Singapore humiliation as 19 firms refused right to practise
22 February 2013
19 firms including Olswang
and DLA Piper
have all had their applications rejected for a licence to practise local law in Singapore. Four firms (Gibson Dunn & Crutcher, Jones Day
, Sidley Austin and Linklaters
) were successful.
A qualifying foreign law practice licence (QFLP) enables foreign firms to work in certain areas of Singapore law. Without it they're reduced to partnering with local outfits, or they have to avoid Singapore law altogether. Which isn't ideal when they've all moved there for the megayuan they hope China will push through the country. But after dutifully trooping into the exam hall, clearing their calculator memories and filling in the form, the vast majority of applicants have been handed a big fat F.
A Singapore partner wishing he'd revised harder yesterday
The Singapore Ministry of Law has defended its decision, saying it looked at a number of factors to assess whether a firm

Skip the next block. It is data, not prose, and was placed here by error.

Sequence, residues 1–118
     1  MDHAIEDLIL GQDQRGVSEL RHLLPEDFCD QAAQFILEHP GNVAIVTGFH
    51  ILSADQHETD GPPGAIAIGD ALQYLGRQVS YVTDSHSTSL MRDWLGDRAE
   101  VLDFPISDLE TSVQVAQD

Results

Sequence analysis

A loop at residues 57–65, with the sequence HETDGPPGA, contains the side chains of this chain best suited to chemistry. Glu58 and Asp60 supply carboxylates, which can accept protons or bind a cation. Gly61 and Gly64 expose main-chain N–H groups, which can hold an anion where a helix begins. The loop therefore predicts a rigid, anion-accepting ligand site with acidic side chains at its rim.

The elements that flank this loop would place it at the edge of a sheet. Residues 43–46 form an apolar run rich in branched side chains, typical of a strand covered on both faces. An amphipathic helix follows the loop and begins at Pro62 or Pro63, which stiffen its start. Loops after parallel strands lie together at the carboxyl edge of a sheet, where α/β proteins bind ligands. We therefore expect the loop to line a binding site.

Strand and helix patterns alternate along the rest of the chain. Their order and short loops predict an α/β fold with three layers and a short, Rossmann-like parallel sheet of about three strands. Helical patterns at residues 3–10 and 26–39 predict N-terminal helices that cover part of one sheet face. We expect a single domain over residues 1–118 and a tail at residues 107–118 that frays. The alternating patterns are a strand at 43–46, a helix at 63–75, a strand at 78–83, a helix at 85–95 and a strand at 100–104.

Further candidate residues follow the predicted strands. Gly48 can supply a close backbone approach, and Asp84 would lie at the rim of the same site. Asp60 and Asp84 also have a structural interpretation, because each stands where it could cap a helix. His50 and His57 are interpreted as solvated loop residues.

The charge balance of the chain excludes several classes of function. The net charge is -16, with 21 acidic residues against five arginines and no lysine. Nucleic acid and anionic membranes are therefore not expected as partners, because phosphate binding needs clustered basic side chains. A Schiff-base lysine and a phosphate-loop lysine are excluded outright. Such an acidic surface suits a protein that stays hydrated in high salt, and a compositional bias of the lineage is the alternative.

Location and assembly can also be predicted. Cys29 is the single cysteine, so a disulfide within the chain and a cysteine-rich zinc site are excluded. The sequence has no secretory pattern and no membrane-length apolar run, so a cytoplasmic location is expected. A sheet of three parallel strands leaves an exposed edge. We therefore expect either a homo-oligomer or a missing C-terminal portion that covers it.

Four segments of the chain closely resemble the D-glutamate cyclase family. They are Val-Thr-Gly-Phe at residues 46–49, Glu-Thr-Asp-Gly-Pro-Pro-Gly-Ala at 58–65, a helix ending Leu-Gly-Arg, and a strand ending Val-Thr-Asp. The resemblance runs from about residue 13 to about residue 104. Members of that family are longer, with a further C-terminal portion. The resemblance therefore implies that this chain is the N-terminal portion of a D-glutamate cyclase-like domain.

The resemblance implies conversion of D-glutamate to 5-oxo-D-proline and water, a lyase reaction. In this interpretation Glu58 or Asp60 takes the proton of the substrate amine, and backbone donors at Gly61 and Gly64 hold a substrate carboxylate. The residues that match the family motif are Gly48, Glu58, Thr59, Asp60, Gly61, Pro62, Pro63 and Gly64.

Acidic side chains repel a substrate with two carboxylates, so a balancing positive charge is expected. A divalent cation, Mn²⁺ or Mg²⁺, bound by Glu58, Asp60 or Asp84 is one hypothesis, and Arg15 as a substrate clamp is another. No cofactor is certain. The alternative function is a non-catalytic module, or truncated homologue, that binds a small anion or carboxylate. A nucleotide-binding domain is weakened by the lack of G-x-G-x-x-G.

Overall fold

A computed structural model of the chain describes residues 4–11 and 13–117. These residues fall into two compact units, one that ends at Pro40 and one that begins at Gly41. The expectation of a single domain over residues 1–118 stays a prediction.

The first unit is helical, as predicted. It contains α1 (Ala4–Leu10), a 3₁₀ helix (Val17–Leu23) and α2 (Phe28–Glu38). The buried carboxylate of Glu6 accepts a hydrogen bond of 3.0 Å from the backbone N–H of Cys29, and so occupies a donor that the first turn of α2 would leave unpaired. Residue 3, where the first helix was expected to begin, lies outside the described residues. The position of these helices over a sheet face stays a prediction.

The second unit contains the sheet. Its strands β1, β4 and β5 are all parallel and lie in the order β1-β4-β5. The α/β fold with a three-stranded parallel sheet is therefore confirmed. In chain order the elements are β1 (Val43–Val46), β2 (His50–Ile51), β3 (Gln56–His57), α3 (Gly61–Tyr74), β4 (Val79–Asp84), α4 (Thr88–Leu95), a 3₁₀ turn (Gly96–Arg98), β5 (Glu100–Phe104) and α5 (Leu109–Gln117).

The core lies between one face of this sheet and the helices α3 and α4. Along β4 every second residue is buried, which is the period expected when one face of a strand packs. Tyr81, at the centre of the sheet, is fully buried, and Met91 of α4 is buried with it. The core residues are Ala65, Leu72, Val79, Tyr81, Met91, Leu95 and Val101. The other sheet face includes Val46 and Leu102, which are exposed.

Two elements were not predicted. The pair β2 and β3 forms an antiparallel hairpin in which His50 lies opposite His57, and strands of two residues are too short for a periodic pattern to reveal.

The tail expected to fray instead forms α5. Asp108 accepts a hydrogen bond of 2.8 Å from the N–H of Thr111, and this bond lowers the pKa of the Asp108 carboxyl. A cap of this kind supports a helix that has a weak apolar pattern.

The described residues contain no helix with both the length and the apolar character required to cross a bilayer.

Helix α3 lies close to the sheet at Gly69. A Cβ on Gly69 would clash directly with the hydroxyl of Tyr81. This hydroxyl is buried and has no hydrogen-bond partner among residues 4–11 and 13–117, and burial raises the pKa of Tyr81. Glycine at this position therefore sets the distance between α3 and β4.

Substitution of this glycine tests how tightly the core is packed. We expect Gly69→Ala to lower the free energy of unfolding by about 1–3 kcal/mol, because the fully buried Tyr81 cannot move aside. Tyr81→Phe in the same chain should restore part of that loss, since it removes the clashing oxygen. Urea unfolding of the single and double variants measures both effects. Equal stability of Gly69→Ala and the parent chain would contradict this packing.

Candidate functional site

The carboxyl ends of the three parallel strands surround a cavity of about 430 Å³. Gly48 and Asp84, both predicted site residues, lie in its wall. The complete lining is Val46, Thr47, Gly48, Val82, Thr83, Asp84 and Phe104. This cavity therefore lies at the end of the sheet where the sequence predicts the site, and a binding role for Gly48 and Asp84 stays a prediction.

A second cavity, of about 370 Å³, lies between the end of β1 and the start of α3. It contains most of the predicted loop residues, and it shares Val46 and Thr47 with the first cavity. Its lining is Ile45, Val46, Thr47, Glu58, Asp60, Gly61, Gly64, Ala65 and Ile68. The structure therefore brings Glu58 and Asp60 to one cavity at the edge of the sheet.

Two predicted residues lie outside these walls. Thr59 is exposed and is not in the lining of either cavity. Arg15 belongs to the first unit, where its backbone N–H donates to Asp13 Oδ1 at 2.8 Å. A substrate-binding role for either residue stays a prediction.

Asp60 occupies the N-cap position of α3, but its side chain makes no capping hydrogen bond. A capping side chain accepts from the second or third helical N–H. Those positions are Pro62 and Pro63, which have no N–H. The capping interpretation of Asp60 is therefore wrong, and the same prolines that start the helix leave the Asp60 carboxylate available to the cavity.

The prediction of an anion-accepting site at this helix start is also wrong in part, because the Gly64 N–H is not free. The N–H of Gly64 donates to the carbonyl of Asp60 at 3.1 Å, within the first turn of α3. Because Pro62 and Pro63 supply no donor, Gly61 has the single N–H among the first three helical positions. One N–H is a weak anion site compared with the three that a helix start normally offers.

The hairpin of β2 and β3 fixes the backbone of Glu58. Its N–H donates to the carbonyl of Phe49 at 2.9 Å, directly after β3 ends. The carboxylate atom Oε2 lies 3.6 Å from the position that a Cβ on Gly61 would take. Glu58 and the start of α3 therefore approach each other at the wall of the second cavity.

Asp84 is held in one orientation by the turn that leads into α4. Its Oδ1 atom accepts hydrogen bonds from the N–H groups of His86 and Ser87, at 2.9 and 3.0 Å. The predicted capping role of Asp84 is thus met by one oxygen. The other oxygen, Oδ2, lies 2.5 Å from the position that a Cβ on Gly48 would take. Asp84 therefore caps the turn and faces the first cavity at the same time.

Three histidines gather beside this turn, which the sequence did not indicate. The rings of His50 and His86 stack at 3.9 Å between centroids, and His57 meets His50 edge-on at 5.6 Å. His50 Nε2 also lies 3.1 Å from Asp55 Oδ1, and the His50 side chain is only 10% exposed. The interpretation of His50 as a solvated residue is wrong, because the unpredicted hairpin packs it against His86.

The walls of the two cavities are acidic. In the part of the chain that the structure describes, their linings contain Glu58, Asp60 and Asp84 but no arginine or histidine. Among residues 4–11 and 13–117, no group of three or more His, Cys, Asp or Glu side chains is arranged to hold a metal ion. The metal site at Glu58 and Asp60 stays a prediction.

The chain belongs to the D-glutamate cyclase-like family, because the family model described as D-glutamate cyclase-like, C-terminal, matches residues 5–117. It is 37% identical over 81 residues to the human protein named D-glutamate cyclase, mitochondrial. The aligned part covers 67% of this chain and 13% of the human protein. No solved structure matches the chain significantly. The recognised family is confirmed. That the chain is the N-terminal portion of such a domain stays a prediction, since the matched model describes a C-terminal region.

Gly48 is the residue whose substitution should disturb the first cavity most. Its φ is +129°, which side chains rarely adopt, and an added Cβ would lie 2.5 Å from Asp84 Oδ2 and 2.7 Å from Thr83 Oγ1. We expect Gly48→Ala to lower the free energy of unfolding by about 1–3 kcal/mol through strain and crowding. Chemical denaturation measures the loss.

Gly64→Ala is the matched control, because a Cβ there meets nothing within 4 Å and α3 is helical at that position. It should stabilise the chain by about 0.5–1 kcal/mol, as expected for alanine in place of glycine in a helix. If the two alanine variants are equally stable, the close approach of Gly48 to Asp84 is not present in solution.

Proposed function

deserved a QFLP licence, including the value of work the firm would generate and the
number of lawyers it would send to the island. Apparently almost everyone came up short.
Olswang's Singapore managing partner told RollOnFriday he was "not surprised...in the context of an award of only four licences
". Which is one way to look at it. Ashurst said it was "disappointed
", adding ruefully "we felt that our application was strong
". Bless. It has vowed to try again, as has DLA. But it may be a case of once bitten twice shy for BLP, which says it is "too soon
" to confirm whether it will put itself through the mill again.
Singapore is a cruel mistress. Public humiliation of lawyers is clearly in vogue, as firms rejected from a Russian bank's panel discovered recently.